# Heavy Financial Models

This page reviews what makes a model heavy — slow to compute; large in terms of size; and difficult to modify in terms of adding new lines and re-structuring pages.  I try to document different strategies for making your file more manageable with time tests and size tests. When re-structuring models I receive from other people, I often find surprising and easy ways to make models operate more quickly through eliminating columns that are mistakenly added to the end of a sheet.  Other things to try are splitting up really long sheets and closing a model after working on it for a while.  On this page I demonstrate how you can test whether things really do make your models less heavy (a term that I really dislike) and I have created a large file that operates slowly to test things.  I also demonstrate that things like using an entire row in the lookup function does not increase the size of a file or reduce the speed of operation.

## Testing the Speed of a Model with a Macro

You can create a macro with the Time and Size statement.  Then you can put the issue that make your model calculations operate slowly or that make you models difficult to structure (add lines and so forth).  You can also test how large your models are before and after you do something like accidently go to the end of the sheet.   The file and the macros shown below illustrate the test I have tried to make for evaluating whether using an entire line in the LOOKUP function makes the file heavier than if you lock in the input cells and do not use the entire row or column.  I have made the file so that you can try different equations and then I make a loop that goes around and re-calculates many times.  In the exercise below, I have tried the following four scenarios:

1. No Equation
2. The look up equation with fixed values (e.g. LOOKUP(B5,\$A\$7:\$K\$7,\$A\$8:\$K\$8))
3. The look up equation with total rows (e.g. LOOKUP(B5,A:A,K:K))
4. The lookup interpolate UDF function (e.g. INTERPOLATE_LOOKUP(B5,A:A,K:K))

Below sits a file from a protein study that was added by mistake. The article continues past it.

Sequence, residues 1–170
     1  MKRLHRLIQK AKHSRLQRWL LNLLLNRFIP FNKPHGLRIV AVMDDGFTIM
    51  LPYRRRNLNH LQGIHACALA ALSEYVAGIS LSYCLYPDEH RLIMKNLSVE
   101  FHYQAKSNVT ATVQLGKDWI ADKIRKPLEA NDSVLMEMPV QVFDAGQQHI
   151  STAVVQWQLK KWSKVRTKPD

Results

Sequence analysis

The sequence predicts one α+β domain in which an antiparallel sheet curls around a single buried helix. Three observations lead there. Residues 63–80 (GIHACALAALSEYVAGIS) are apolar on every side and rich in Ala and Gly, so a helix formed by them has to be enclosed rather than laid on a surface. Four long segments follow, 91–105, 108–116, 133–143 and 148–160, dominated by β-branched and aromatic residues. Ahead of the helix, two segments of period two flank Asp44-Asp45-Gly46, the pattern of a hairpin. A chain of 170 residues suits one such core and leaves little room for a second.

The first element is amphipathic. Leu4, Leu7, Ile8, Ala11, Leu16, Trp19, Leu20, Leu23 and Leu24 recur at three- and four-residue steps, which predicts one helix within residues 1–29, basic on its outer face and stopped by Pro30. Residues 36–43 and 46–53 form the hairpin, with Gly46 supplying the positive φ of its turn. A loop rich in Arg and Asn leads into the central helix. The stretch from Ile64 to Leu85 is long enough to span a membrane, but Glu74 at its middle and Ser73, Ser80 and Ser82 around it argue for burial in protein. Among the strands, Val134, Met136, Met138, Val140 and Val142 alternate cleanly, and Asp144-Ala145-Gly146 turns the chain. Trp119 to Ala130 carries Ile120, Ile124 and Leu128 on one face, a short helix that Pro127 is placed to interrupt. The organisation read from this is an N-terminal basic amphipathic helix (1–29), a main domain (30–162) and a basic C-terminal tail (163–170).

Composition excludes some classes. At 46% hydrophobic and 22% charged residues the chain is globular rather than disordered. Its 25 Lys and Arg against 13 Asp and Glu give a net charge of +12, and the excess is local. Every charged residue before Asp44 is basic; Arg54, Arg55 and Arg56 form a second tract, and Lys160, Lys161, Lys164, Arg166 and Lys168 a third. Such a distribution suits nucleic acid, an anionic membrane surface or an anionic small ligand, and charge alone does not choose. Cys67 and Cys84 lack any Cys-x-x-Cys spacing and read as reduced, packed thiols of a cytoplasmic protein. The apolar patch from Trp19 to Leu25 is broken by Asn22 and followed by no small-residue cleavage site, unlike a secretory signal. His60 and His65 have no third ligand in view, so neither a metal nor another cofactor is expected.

The manner in which the file for testing speed works is illustrated in the screenshot below.  The top part of the screenshot demonstrates the inputs for the test.  The second part of the screenshot demonstrates that outputs for the file size and the time taken for calculation for the scenario.  After the scenario is run with different equations, the tests for the size and calculation time can be copied.

You can also test the speed of alternative ways to run a macro as illustrated in the macro below.  Note how the TIME function is used before and after the macro below. ```Sub table()

Range("StartTime") = Time
Dim output() As Double
Dim Rows, Columns As Single
Dim Cost_of_Equity As Single
Dim array_size As Single

Cost_of_Equity = Range("Applied").Cells(9, 1)
Terminal_Value = Range("Applied").Cells(6, 1)
Rows = Range("endrow") - Range("startrow") + 1
Columns = Range("endcol") - Range("startcol") + 1

array_size = Columns * Rows

'MsgBox Rows & " " & Columns
Range(Cells(Range("startrow"), Range("endcol")), Cells(Range("endrow"), Range("endcol"))).Select

'Range(Cells(13, 6), Cells(31, 16)).ClearContents
' Selection.ClearContents

ReDim output(Rows, Columns) As Double

Application.ScreenUpdating = False

RowCounter = 0

For Row = Range("startrow") To Range("endrow")
RowCounter = RowCounter + 1
ColumnCounter = 0

Range("Applied").Cells(9, 1) = Cells(Row, Range("startcol") - 1)

For Column = Range("startcol") To Range("endcol")
ColumnCounter = ColumnCounter + 1

Range("Applied").Cells(6, 1) = Cells(Range("startrow") - 1, Column)

'Cells(Row, Column) = Range("truevalue")
'MsgBox Range("truevalue")

output(RowCounter, ColumnCounter) = Range("truevalue")

Next Column

Next Row

Range("table_output") = output

Range("Applied").Cells(9, 1) = Cost_of_Equity
Range("Applied").Cells(6, 1) = Terminal_Value

Range("EndTime") = Time
End Sub

```

## Removing Columns at the End of a Sheet

I have noticed that when people hide columns at the end of a sheet, there is often some little problem with something getting to the end.  Further, there may be some kind of shape such as a button that somehow is at the end of the sheet.  Excel tells you to delete all of the columns at the end of the sheet and then save the file. When there is a shape somewhere, this does not work and the message shown below appears.